WASHINGTON:

Federal Minister for Finance and Revenue Muhammad Aurangzeb, leading a Pakistani delegation at the International Monetary Fund (IMF) and World Bank 2024 Spring Meetings in Washington DC, on Tuesday highlighted the country’s roadmap to address economic challenges and propel the economy toward sustainable growth. During an interactive session with the Atlantic Council’s Geo-Economics Centre and South Asia Centre titled “Opportunities and Challenges for the Pakistani Economy through 2024 and Beyond,” he outlined key measures including increasing the tax-to-GDP ratio, digitalising the Federal Board of Revenue (FBR), reforming State-Owned Enterprises (SOEs), boosting exports, enhancing remittances, improving the business environment, and attracting foreign direct investment.

Describing Pakistan’s current economic landscape, Aurangzeb noted that the country had entered a better position this year compared to last year, largely due to the nine-month Stand-By Arrangement (SBA) programme, which brought macroeconomic stability. He highlighted positive indicators such as 5% growth in agriculture, improved performance in the services sector, a decrease in inflation from 37-38% to approximately 20-22%, and stable exchange rates.

“So all of this has moved us in the right direction. Now, we will take it forward from here [for which] we need, in the first instance, permanence in the macroeconomic stability,” adding the government had initiated discussion with the IMF on the larger and extended programme that would help put economy on the path of sustainable growth.

The finance minister was of the view that “timely decisions and timely executions” were key aspects of running any institution. He explained that Pakistan does not need too many policy prescriptions as “we have known what and why, not for years but decades. We know we have to focus on the tax-aspect, tax-to-GDP, investment-to-GDP, increasing exports, getting circular debt in order and accelerating the privatisation agenda. These are some things my predecessors had been signing with the Fund. It is time for us to start moving into the execution phase now,” he said.

Regarding revenue generation, Aurangzeb underscored short-term measures to reduce revenue collection leakages and expedite tax tribunal decisions. He stressed the medium-term agenda of bringing untaxed and under-taxed sectors into the tax network, highlighting ongoing efforts toward digitalising the tax system to minimise human intervention. He underscored the importance of transparency and client experience in restoring trust in the tax authority.

The finance minister also addressed the need for expenditure control and infrastructure development with public-private partnerships at both federal and provincial levels. Citing a World Bank study, he highlighted the potential for a 26% increase in GDP per capita by addressing human capital issues, contingent upon fiscal space availability. Additionally, he discussed the operationalisation of a ‘single-window’ mechanism for business in Pakistan, underscoring its benefits for both domestic and foreign investors.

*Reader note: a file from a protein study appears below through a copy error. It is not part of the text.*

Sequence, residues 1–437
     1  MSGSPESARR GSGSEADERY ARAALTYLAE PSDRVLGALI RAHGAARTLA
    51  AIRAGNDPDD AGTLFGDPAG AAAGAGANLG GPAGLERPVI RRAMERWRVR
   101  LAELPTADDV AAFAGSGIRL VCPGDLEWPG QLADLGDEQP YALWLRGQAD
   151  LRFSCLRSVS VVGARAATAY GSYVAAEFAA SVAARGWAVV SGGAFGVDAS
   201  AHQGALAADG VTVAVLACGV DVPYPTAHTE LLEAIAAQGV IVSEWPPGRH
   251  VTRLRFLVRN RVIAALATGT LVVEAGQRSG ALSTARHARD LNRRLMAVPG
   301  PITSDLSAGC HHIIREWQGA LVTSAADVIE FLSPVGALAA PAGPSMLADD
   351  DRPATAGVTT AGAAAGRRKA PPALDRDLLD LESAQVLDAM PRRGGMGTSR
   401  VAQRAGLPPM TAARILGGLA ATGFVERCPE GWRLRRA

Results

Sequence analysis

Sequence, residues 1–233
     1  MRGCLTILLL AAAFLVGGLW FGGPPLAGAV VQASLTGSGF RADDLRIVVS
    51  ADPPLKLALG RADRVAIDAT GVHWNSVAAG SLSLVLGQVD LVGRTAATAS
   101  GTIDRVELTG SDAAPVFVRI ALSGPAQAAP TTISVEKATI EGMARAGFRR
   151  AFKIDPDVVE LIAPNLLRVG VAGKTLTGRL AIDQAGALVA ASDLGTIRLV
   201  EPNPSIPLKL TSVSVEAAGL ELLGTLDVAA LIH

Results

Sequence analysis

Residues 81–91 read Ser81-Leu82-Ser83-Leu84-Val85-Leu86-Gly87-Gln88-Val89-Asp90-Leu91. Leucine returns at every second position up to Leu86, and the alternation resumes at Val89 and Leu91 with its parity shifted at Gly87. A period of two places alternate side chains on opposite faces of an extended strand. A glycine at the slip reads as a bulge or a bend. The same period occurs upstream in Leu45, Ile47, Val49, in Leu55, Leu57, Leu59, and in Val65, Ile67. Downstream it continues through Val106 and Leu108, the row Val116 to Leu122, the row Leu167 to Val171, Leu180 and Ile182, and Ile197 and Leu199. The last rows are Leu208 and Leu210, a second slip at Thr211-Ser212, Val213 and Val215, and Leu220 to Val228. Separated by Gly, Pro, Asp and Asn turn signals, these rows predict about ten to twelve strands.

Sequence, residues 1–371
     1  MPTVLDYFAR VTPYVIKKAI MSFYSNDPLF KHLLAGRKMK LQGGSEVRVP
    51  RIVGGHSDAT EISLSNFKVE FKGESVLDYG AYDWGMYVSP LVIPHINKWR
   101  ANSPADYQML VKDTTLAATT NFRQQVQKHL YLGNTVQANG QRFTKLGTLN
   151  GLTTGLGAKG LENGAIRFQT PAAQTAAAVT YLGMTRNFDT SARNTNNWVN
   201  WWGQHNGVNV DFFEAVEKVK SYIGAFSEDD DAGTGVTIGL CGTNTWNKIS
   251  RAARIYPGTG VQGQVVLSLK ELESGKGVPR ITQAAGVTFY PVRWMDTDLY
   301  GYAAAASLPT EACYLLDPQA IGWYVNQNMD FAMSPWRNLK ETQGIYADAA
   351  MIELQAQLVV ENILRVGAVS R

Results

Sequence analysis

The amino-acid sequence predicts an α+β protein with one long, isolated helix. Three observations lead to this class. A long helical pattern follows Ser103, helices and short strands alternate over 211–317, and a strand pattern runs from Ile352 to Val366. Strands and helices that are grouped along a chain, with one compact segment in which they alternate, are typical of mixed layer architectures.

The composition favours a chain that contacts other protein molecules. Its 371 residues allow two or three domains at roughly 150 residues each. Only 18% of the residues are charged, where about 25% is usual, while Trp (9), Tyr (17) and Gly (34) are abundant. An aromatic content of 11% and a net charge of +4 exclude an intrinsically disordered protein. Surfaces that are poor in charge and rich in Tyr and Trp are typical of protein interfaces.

During a meeting with Pakistani-American businessmen and tech entrepreneurs, Aurangzeb urged them to capitalise on opportunities in key sectors such as agriculture, information technology (IT), mining, and energy in Pakistan. He praised the Pakistani diaspora’s role in socio-economic development and highlighted their importance as bridge-builders between Pakistan and the United States.

Highlighting various government initiatives to improve the business environment and attract foreign investment, the finance minister specifically mentioned Pakistan’s potential in the IT sector, hosting over a million freelancers and ranking third globally in the freelance market. He underscored efforts to simplify business regulations and provide foreign investors with the freedom to repatriate profits and receive special protection.

In a separate meeting with members of the US Pakistan Business Council (USPBC), Aurangzeb acknowledged the US corporate sector’s role in strengthening economic ties between the two countries. He reiterated the government’s commitment to implementing necessary reforms for long-term economic growth and stability, including the Investment Policy 2023 aimed at attracting more foreign investment across various sectors.

He detailed that the new policy would streamline business regulations, grant foreign investors the freedom to repatriate their profits abroad in their own currency, and ensure special protection. He also briefed them on the government’s initiatives to digitize the economy and broaden the tax base for sustainable economic growth. The USPBC members praised Pakistan’s efforts to enhance the ease of doing business and assured the Minister of their continued support to boost bilateral trade and investment cooperation.

He also discussed Pakistan’s vulnerability to climate-induced disasters during a meeting with Climate Vulnerable Forum (CVF) Secretary-General Mohamed Nasheed, former President of the Maldives. The finance minister highlighted the need for developed economies to increase their efforts in providing additional financing, technology transfer, and capacity-building assistance to developing countries, including Pakistan. He also highlighted Pakistan’s proactive role in garnering global support for the Loss and Damage Fund at the COP 28.

Published in The Express Tribune, April 17th, 2024.

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